Thursday Jul 23, 2015

Kernel Zones support in 12.3

One of the new features in Ops Center 12.3 is support for Oracle Solaris kernel zones. I wanted to talk a bit about this, because there are some caveats, and a new document to help you with using this type of zone.

Kernel zones differ from other zones in that they have a separate kernel and OS from the global zone, making them more independent. In Ops Center 12.3, you can discover and manage kernel zones. However, you can't migrate them, put them in a server pool, or change their configuration through the user interface.

We put together a how-to that explains how you can discover existing kernel zones in your environment. You can also take a look at the What's New doc for more information about what's changed in 12.3.

Thursday Oct 09, 2014

How-To: Lifecycle Management for Zones

Oracle Solaris Zones are a useful too. As I've been discussing over the past few weeks, Ops Center lets you manage zones from a high level by creating them, grouping them into server pools, and migrating them. However, I haven't talked about how to use Ops Center for more day-to-day zone management.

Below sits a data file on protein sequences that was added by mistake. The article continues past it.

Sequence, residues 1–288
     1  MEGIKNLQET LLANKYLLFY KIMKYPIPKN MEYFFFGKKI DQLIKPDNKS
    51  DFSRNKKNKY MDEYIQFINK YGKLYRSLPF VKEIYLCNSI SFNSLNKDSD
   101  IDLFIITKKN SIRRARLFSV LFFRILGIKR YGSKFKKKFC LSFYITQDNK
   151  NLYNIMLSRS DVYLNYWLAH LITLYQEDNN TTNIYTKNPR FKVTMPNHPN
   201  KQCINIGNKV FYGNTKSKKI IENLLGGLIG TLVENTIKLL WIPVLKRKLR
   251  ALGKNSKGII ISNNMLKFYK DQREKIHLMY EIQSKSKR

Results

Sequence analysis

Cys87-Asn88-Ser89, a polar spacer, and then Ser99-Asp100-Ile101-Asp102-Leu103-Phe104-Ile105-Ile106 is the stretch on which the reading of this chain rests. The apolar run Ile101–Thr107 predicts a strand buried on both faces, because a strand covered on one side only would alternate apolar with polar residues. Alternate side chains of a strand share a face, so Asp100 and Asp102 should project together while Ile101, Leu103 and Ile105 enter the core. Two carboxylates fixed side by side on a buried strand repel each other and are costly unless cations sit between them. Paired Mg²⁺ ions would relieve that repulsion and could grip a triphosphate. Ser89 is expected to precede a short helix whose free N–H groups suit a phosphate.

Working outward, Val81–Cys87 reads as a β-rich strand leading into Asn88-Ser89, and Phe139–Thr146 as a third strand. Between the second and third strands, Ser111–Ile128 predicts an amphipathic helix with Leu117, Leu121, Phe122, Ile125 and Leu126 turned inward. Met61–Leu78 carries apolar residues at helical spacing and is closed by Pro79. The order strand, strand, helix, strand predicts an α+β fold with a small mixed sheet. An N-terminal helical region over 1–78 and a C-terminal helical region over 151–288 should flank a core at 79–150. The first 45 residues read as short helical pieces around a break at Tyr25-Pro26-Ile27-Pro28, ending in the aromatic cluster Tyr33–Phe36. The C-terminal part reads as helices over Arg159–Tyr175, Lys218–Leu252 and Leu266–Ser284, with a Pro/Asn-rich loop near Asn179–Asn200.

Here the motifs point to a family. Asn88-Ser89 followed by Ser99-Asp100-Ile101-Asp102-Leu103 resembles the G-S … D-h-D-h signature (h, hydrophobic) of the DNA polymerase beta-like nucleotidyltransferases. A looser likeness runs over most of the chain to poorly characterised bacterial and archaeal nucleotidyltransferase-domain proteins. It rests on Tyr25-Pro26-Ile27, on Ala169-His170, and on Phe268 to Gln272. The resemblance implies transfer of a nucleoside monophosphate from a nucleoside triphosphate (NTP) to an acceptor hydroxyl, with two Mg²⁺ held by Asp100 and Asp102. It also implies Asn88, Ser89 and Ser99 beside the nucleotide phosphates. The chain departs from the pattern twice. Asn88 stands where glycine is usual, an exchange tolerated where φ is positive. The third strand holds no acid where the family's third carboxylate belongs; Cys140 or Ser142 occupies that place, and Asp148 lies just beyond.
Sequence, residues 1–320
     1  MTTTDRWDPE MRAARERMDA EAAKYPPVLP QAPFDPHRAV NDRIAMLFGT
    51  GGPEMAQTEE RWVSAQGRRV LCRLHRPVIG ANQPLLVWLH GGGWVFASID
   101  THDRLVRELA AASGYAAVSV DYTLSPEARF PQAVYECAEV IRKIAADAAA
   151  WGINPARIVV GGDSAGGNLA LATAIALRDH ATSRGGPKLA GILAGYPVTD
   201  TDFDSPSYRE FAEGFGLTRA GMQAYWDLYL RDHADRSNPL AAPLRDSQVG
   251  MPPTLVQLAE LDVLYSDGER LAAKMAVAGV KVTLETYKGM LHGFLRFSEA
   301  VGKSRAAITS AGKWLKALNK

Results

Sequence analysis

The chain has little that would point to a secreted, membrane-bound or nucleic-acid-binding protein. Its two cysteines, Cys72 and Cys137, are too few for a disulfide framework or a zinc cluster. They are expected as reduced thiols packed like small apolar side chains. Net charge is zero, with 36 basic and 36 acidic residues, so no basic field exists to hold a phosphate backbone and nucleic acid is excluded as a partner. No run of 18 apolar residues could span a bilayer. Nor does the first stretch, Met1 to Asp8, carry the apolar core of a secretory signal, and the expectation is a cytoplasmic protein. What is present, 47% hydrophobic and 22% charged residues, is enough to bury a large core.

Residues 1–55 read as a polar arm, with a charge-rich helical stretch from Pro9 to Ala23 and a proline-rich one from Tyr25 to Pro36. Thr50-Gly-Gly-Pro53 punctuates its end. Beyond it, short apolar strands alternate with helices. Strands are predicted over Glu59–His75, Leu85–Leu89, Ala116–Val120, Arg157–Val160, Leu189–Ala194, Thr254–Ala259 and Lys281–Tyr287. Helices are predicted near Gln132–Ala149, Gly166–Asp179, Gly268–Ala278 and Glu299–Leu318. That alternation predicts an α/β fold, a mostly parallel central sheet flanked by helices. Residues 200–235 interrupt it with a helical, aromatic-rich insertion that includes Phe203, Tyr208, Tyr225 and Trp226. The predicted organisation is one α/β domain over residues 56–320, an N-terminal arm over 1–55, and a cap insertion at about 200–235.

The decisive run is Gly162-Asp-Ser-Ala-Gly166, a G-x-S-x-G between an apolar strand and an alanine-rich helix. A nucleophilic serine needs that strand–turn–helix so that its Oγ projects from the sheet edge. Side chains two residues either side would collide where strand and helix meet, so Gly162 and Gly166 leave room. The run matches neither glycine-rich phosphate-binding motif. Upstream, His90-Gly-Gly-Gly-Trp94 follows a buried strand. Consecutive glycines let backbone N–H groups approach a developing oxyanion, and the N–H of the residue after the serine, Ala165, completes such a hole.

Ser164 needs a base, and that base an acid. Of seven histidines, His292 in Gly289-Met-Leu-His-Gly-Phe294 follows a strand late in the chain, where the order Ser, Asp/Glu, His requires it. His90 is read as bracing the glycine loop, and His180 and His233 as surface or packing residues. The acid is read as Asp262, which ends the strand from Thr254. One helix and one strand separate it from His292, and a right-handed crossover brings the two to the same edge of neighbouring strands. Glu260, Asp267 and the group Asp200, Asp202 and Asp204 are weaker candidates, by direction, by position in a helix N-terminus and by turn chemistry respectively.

When a zone is managed in Ops Center, you can see its current state - running, shut down, or unreachable - in the Assets section, shown by an icon over the asset. By selecting a specific zone, you can take a number of possible actions: you can reboot or shut down a running zone, halt a zone if it's not responding to a graceful shutdown, boot a stopped zone, or delete a zone if it's no longer needed.

The Lifecycle Management of Zones how-to explains how to take each of these actions. The zones chapter in the Feature Reference Guide also discusses them.

Thursday Oct 02, 2014

How-To: Migrating Oracle Solaris 11 Zones

I've talked a bit over the past couple of weeks about how to create Oracle Solaris 11 zones and how to group them into a server pool to enable automatic load balancing and high availability.

You can also use the server pools to manually migrate zones from one host to another. You can perform this migration to do your own load balancing, to reorganize your zones, or in preparation for system maintenance. When you use the Migrate Zone action to move the zone, the wizard lists all of the global zones in the pool, including the number of running zones, total CPU, and available dedicated CPUs. If you don't have enough resources in that server pool, you can migrate the zone to a global zone in a different server pool, as long as they're compatible and meet the storage and network requirements.